CALGARY -- When Prime Minister Stephen Harper balked over the summer at an International Monetary Fund (IMF) invitation to participate in a $430-billion rescue package for Europe, many taxpayers cheered. They could be forgiven for thinking the PM had at last kicked the nasty bailout habit he picked up in 2008.
The celebration, however, may be premature.
That's because Harper appears to be as big a believer in the benefits of bailouts now as he was in the wake of the financial crisis when he bailed out the auto industry and tapped the Canadian Mortgage Housing Corporation (CMHC) to relieve the banks of billions in mortgages. So great is his belief in Keynesian-style stimulus schemes that he's now executing a bailout in another country even as he rightfully says "no" to Europe.
Word of this latest stimulus scheme came in June with the announcement Canada and Michigan had struck a deal to build the New International Trade Crossing (NITC), a bridge that would compete with the privately owned Ambassador Bridge for the declining traffic crossing the Detroit River.
According to the plan, Canada will float Michigan $550 million to cover the state's entire share of the project. On top of committing an additional $1.5 billion for supporting roadwork in Ontario, the federal government will also be on the hook for all land-acquisition costs in Michigan. In total, Canadians taxpayers could be on the hook for $4 billion, assuming no cost overruns.
The Detroit Free Press's editorial board put this deal in the correct perspective: "It's as if the PM is buying our state a first-class ticket and throwing in the frequent-flyer points."
"Canada believes in Michigan's future more than most Michiganders do. Why else would the Canadian government agree to front all of the money, and incur all of the risk, to pay for road improvements that will be made wholly in our state?"
Albertans seem to be asking the same questions.
A recent poll commissioned by Enquirica Research and conducted by Dr. Faron Ellis of the Citizens Society Research Lab reveals Albertans -- from whose oilpatch much of the largesse for the prime minister's spending spree in Michigan is coming -- don't like the NITC plan. Albertans surveyed support private-sector participation in infrastructure and oppose the federal government's plan to fully fund the new bridge.
Fewer than one in five (17.0 per cent) Albertans believe the federal government should fund infrastructure projects that directly compete with private sector projects. Slightly more than one-third (36.3 per cent) believe the federal government should only fund projects if no private-sector option exists. A further one-third (34.5 per cent) prefer private-public partnerships while the remaining 12.2 per cent would prefer no federal funding for infrastructure, leaving all projects to be funded through the private sector.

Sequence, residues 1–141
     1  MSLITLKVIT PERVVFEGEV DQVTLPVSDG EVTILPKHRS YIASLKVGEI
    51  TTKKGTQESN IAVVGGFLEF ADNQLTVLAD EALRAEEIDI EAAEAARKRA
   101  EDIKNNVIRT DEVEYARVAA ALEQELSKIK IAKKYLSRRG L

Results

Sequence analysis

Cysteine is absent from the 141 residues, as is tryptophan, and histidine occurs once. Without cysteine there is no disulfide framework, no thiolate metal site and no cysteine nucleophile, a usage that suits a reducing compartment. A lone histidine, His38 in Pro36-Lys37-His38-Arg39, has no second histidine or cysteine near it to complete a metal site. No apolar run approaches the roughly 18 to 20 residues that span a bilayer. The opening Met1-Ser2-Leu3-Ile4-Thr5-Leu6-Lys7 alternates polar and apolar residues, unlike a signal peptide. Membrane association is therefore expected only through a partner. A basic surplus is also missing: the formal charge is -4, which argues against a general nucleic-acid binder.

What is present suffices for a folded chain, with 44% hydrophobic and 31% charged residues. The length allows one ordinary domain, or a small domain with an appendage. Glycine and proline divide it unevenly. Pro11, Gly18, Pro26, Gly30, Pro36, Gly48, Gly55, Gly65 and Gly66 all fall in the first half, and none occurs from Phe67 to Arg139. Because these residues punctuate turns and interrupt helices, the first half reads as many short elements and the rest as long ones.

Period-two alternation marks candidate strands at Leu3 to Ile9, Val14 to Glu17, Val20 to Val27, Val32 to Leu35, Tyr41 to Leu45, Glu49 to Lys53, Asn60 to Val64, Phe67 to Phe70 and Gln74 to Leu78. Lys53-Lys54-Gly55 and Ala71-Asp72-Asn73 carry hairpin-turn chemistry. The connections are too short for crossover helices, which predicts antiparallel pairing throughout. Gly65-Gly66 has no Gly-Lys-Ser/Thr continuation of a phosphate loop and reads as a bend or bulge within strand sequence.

The Citizen Society Research Lab study also revealed that when considered within the context of other possible federal-government funding options, such as much-needed improvements to Alberta's Highway 63, a new Detroit-Windsor bridge has very little support, only 3.9 per cent. When considered independently from other possible federal-government funding options, a clear majority of Albertans (56.2 per cent) still remains opposed to the proposal.
With little support from Albertans, why would the Harper government take the historically unprecedented step of bailing out a state in a wealthy developed nation?
The answer from the federal government is that a new bridge will increase trade and create jobs. But will it? In Economics in One Lesson, a classic primer on economics published in 1946, Henry Hazlitt wrote "If the bridge cost $10 million the taxpayers will lose $10 million. They will have that much taken away from them which they would have otherwise spent on the things they needed most. Therefore, for every job created by the bridge project, a private job has been destroyed somewhere else."
With respect to enhancing north-south trade, industry sources say traffic is already down on the existing, privately owned Ambassador Bridge, part of a drop that began well before 9/11 and tracks the secular decline of the auto industry.
While the NITC bridge and infrastructure proposal look like a bad deal for Canada, for Michigan, Harper's generosity is a bonanza. Canadian taxpayers' $550 million will leverage another $2 billion from the U.S. federal government for road construction. It will liberate the state's road budget for yet more road projects, help pay off its own $80-billion debt, and bail out bankrupt Detroit with $80 million.
Harper may wisely have declined to bail out Europe this summer. But the PM would be also be wise to heed the opinion of people in his home province and forget about a bailout for Detroit.
Matthew Johnston is the president and CEO of Enquirica Research.